The game consists of 4x 10 frogs on hexfields in the colors red,blue, green and white, made of bakelite rules in several languages and 4 round bakelite markers to show which player is which color.
I love the bakelite frogs, they look good but are still functional and with the grip on top of the frogs easy to move.
The bag is easy to close and open and every part you need to play fits into it.
How to play
The goal of the game is to connect all frogs of your color together, you have to connect atleast 7 frogs, but if someone brings more frogs of your color into play you have to connect them all(not just the 7).
At the beginning every player chooses 1 color and all the frogs of the used colors are put into the bag.
This may take a minute or two as you have to sort out the frogs of the other colors.
After the initial setup every player draws 2 frogs from the bag and puts them in front of them, this is his "hand" from which he plays the frogs.
After that everyone takes his turns, a turn consists of the following steps:
1.Movement - You pick 1 frog of your color in the playingzone and move it as many times as you want.
To move a frog you jump from the sides of the frogs your frog is touching, over all parallel sites in one straight line.
Now , as you can move that one frog as many times as you want, you can jump from the new position again.
You may not move your frog, if that would lead to the point that all the frogs on the board are not connected anymore.
You have to move a frog every turn.
The movement sounds easy, but can be really complex and overextending, when you have to look after many frogs and all their possible movements.
2.Placement of a frog
You place one of the frogs in front of you into the playing area, touching another frog.
There are some restrictions to the placement of frogs:
-You may not place a frog of your own color touching another frog of your own color.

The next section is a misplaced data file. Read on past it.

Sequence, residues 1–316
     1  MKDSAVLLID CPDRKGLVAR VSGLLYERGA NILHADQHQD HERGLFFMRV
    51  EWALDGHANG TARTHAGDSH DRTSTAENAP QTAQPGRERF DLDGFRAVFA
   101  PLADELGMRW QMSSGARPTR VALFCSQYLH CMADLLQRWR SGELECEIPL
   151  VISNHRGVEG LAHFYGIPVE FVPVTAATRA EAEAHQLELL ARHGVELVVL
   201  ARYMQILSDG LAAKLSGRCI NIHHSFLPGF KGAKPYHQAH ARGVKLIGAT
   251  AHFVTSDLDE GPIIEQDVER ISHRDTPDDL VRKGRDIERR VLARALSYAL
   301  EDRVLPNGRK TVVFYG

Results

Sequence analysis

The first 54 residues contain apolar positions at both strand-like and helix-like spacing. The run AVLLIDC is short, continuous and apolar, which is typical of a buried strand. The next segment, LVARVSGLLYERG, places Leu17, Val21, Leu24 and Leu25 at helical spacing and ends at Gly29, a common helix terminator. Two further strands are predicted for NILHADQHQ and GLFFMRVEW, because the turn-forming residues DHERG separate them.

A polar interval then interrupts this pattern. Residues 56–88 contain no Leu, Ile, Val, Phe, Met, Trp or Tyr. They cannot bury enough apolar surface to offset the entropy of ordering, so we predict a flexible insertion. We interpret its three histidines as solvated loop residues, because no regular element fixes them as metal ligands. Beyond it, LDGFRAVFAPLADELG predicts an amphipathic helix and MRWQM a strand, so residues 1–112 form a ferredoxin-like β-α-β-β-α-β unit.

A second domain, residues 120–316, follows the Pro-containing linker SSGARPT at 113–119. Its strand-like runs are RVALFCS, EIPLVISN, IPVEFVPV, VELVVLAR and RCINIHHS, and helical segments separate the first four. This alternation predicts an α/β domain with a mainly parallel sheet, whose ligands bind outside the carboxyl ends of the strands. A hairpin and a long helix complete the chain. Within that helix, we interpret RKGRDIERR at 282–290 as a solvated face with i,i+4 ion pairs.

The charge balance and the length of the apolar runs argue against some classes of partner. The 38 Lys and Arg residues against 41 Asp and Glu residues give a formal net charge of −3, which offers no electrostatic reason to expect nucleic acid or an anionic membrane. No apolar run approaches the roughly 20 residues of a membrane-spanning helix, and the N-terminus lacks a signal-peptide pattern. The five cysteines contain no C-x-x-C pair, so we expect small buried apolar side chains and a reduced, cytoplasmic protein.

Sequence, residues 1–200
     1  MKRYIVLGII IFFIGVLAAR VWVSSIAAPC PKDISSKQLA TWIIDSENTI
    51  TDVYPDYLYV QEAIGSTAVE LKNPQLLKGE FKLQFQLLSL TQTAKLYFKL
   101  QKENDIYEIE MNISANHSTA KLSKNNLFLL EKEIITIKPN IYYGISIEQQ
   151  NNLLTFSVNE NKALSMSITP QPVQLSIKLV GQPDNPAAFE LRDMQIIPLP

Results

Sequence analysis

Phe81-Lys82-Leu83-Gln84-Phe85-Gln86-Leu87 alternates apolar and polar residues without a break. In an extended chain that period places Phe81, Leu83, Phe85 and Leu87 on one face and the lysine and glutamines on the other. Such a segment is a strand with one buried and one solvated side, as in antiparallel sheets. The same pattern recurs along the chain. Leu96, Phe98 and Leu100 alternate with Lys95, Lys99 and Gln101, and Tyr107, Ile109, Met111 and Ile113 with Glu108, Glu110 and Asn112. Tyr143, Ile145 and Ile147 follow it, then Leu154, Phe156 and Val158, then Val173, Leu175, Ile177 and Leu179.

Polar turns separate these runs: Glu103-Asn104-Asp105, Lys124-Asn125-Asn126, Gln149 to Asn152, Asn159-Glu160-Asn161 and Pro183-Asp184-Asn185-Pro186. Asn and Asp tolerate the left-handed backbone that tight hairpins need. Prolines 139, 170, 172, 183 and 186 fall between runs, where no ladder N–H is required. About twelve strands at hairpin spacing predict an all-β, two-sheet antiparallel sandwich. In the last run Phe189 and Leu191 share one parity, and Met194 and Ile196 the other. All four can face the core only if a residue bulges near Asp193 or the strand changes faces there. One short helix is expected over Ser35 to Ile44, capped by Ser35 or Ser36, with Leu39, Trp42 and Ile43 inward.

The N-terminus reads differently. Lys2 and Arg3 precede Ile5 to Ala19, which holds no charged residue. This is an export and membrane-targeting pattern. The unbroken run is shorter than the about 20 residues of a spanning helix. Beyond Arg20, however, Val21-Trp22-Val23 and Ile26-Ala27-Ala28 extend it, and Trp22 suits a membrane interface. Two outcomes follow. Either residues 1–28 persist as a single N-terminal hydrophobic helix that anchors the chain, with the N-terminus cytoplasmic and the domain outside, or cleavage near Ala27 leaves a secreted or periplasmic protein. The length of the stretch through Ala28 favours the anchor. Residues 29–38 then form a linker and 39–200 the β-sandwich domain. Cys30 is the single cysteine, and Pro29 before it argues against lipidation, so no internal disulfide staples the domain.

-You may not place a frog creating a line of 4 hextiles touching only 1 other hextile ( so there is only a single connection between the hextiles, and not a tripple connection when you put 3 hextiles together)
I personally find this rule unneeded, i know this stops the placement of the frogs in one big line( which would lead to a boring game of jumping from one end to another) but if you have to explain new people the game, this rule is the most confusing for them and it would be easier just to say them, "you may not place the frogs in one big line"
3.Drawing of a new frog
You draw a new frog from the bag.
If there are no frogs left to draw you cannot draw a new one.
Winner is the person who connects all his frogs ( atleast 7) first.
The playing time is strongly dependant on the amount of players.
While a 2 player game takes roughly 20 minutes, a 4 playergame took more than an hour.
Army of Frogs is a game for hardboiled strategists but also for people which never played a game, as the complexity of the game improves with the skill of the players and the frogtiles surely attract some people to the table.
The rules are easy to learn and to teach but still allow depth in gameplay, it's inexpensive and therefore:
The game is perfect to just take with you and teach to non-gamers as they learn the strategies really fast.
Army of Frogs is a good game, it may be a bit confusing at the beginning, but satisfies with need of strategy, goodlooking parts and the easy rules which are explained really fast. You can buy it for about 20 $ , so it's inexpensive.